In terms of ‘interesting Jews,’ Darren Garnick is somewhat unconventional. He’s a journalist, and before his child was born four years ago, he decided to embed in the big story of his life at the time: his wife’s pregnancy. At Massachusetts General Hospital, Garnick procured an “Empathy Belly”–an educational tool that allows men to physically sample what it’s like to lug around 30 extra pounds, etc. Normally, men try it on for a quick turn during childbirth classes, but Garnick got the belly to go, and walked out of the hospital wearing it around Boston for 24 hours. He later wrote up his experience for the Boston Herald. Years afterwards, we asked him some questions about what he learned from the experience.
Do you feel that your experience with the Empathy Belly made a big difference in how you saw pregnancy–or, for that matter, your wife?
It would be incredibly naive and beyond pretentious to believe that I could really experience what pregnancy is like by wearing a costume–even one that strategically impacts the bladder! I love pursuing offbeat journalism topics and to me, the Empathy Belly experiment was initially a stunt similar to my day working as an alligator baseball mascot or dressing up as Anne of Green Gables at a tourist site.
Although I was primarily aiming to amuse my wife, Stacy, who was two weeks away from giving birth, I inadvertently learned something when we went out to restaurants and saw a movie. Little things you take for granted, like reaching for things at a table or especially going to the bathroom, become extremely challenging. At night, I also forever gained an understanding of how difficult it is for pregnant women to sleep.
In childbirth class, it’s common for fathers to take turns wearing the Empathy Belly for a mere 20-30 minutes. I think 24 hours in the suit should be mandatory.
How did men react to your doing this? Was there a difference between the reactions of unmarried men and married men?
My goal was to wear the pregnancy suit with confidence, you know, like it was perfectly normal for me to fill out my tacky maternity shirt. Carrying a notebook and escorting Stacy inoculated me from most ridicule, because most strangers assumed I was doing this for a reason and not because of some weird fetish. However, at the movies while I was waiting outside the women’s room for my wife, I received lots of awkward stares from the other husbands and boyfriends. No words were exchanged, but I knew exactly what they were thinking.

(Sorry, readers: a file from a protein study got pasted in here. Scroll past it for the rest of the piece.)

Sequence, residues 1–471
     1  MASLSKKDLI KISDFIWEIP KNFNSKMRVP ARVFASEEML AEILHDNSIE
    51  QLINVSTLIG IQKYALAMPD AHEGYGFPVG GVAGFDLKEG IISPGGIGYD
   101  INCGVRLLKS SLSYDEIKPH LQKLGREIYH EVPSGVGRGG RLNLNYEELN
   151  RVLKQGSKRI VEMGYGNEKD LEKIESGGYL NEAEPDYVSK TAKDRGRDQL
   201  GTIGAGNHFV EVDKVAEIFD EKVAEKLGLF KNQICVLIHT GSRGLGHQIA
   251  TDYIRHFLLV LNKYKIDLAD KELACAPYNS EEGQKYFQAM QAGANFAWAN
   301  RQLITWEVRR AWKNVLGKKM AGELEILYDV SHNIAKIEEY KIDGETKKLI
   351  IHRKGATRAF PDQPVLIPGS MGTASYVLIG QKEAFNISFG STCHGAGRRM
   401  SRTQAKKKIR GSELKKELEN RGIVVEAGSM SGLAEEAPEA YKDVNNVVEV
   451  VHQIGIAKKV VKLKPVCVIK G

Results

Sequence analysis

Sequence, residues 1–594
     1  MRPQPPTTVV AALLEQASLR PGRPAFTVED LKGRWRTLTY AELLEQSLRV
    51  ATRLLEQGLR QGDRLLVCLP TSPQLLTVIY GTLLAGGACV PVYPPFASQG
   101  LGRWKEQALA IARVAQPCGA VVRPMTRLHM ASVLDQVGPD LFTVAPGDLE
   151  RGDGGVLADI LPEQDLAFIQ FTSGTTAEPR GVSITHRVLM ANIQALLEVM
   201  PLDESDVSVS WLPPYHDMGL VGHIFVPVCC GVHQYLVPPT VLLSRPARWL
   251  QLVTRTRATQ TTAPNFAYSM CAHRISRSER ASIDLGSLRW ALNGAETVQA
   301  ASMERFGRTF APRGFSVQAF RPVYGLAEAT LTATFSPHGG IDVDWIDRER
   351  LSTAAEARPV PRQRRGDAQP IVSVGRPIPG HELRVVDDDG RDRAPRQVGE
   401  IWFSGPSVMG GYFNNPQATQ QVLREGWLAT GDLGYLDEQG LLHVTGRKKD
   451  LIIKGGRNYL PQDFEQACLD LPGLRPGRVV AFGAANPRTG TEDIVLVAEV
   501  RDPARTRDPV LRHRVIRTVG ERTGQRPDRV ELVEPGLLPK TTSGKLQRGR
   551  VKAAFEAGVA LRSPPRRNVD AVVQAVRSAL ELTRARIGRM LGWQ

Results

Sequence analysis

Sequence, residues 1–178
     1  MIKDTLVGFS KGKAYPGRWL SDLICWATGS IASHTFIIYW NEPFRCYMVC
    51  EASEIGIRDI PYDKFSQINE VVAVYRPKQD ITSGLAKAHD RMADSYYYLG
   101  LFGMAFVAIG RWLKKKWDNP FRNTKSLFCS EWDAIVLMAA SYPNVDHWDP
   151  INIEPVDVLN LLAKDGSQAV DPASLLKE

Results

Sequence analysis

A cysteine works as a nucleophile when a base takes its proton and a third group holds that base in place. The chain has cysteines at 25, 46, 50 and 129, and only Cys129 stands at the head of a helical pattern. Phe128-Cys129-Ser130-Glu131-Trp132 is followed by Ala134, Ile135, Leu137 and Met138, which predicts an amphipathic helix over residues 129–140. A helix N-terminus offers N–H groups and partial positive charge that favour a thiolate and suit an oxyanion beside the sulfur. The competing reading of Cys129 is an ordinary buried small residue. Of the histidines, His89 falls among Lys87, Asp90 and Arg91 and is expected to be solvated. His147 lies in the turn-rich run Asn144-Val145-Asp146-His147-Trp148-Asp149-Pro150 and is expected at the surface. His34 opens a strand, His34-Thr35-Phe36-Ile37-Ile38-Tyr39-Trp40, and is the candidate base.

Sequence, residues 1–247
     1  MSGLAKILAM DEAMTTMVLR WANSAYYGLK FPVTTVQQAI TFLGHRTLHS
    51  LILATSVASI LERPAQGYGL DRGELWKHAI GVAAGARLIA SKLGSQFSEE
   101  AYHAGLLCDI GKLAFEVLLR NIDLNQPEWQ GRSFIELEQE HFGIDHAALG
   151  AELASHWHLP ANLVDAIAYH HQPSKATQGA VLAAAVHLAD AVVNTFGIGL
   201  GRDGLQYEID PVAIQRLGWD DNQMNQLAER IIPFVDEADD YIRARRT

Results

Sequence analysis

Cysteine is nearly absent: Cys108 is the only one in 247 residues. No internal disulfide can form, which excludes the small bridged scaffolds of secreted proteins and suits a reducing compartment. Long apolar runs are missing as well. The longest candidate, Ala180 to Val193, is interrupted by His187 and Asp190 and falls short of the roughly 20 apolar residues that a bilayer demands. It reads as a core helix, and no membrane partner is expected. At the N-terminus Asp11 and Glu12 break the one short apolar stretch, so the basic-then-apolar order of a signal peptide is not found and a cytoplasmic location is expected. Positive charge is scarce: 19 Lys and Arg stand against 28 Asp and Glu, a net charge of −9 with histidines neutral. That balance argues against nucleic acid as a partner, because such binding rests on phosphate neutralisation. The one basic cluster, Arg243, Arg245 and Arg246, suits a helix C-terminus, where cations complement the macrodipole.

How did women react?
With one notable exception, women were delighted by the experiment and wished their husbands would try “being pregnant” too. One female friend offered to play a Mozart CD for me so the imaginary baby would be smarter. However, there was one sassy lady who scoffed at my appearance. “Male pregnancy?” she huffed. “Pffffff! After you’ve peed in your pants a few times, then come back and talk to me about male pregnancy!”
In light of what you did, how would you advise husbands of pregnant women to conduct themselves around their pregnant wives?
I’m not sure I’m in a position to be a role model in any regard here. Although I made every doctor’s appointment and fetched a lot of Chinese food, I probably could have done more to make my wife comfortable. My advice? Remember that pregnancy isn’t a part-time gig.
Any other insights we should know about?
Even though this was an artificially created situation, I did get a taste of what it’s like to have your body be constantly stared at. Nobody dared do this to me, but strangers who affectionately pat pregnant women on the stomach should be locked up. I also think that for all the hardships, pregnancy seems like it would be a lot of fun given the rewards. Except for the delivery room part.